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Dudiya: In Your Burning Land

Dudiya: In Your  Burning Land

Dudiya: In Your Burning Land by Vishwas Patil. Translated by Nadeem Khan. Niyogi Books. Pages 220. Rs 395



Book Title: Dudiya: In Your Burning Land

Author: Vishwas Patil

Dudiya is a spirited young Adivasi girl whose destiny is trapped between the two blades of a pair of scissors — the administration on the one hand, and the Naxals on the other. She joined the Naxals as a young girl and trained with them in the remote and inaccessible Abujmarh mountains. However, as she ended up feeling disillusioned and trapped, she surrendered before the police. She is now branded as a traitor with the Naxals gunning for her life. Her story is narrated by civil servant Dilip Pawar, who is posted in the Naxal-affected districts of Chhattisgarh. What transpires during the 76 days that his duty goes on in the area, changes his outlook on life forever. The novel has been written by Sahitya Akademi novelist Vishwas Patil.


Dance, Nani, Dance: Stories of Grandmothers and Grandfathers Edited by Bulbul Sharma. Speaking Tiger. Pages 248. Rs 399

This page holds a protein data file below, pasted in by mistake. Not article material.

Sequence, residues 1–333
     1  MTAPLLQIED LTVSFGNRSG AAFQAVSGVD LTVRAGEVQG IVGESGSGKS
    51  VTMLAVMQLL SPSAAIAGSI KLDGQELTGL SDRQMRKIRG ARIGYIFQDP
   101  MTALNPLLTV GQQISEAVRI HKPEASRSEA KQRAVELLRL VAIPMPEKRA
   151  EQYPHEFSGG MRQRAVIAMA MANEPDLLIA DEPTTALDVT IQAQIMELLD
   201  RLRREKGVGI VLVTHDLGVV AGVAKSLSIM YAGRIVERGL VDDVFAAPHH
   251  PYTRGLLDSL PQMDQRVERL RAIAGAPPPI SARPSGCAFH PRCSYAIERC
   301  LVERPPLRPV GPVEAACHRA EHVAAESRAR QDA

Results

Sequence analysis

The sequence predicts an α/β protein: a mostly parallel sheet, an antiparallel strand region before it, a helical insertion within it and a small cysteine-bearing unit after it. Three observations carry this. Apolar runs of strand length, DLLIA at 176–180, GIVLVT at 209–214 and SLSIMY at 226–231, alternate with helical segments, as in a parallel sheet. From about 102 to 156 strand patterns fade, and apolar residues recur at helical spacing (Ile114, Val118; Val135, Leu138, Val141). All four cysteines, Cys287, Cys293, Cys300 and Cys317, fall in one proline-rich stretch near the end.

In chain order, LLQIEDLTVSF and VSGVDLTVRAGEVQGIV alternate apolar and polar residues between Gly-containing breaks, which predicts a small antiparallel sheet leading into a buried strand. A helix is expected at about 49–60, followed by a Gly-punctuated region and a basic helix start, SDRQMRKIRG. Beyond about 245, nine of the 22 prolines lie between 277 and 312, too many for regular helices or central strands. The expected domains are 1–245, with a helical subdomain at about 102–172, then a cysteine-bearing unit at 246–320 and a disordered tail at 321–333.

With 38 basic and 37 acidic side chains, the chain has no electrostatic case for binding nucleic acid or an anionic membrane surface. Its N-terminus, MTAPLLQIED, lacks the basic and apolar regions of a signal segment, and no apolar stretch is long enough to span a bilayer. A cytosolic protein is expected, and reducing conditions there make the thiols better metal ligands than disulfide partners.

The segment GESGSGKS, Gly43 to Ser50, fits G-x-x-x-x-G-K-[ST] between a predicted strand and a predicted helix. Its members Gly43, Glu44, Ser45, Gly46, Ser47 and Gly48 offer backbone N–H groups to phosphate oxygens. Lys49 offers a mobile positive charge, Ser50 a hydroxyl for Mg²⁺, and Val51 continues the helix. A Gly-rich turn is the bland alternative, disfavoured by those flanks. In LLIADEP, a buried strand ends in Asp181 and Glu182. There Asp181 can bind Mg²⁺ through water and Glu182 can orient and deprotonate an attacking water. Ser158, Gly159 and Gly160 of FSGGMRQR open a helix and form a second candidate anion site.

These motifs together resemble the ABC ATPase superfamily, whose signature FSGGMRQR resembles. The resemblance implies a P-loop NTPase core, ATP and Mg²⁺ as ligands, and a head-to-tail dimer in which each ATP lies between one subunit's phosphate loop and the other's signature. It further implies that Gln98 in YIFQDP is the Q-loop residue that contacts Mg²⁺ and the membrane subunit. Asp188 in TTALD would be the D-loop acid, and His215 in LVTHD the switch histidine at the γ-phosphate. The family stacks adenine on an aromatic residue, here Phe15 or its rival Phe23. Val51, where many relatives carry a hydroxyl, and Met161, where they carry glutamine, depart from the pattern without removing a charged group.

Paati, Thatha, Dida, Nani, Dadi, Dadu — call them by any name and they’ll remain special. A collection of stories by some of India’s best writers brings to life the unique and beautiful bond children share with grandparents. It will make readers laugh, wipe a tear, or inspire them to cuddle the grandparent some more. There are stories on loss, fun, mysteries, ghosts... Writers in the compendium include Jerry Pinto, Menaka Raman, Deepa Agarwal, Nandita da Cunha, Nandini Nayar and Sayantan Ghosh. Ruskin Bond gives a glimpse of his granny as a young girl. Bulbul Sharma recounts an exciting and unusual train journey with her Dida. Bijal Vachharajani’s grandma would know just what to do with all those single-use plastic bags everywhere.


Who Cares About Parliament: Speaking up to Protect India’s Great Institution by Derek O’Brien. Rupa. Pages 192. Rs 395

Derek O’Brien’s new book is a collection of essays on various themes that have engaged him in his political career, as also in his attempts to contribute to the shaping of public debate and policy-making as a parliamentarian. It deals with contemporary subjects of political and policy interest. Through 25 essays divided into five categories, the author attempts to look at India, with Parliament at the centre of discussion. The first section includes his observations and learnings from the 12 years spent in Parliament. The second consists chapters on passing of the controversial farm Bills. There is a section on the sorry state of relations between the Centre and the states; another one holds a mirror to the ruling party.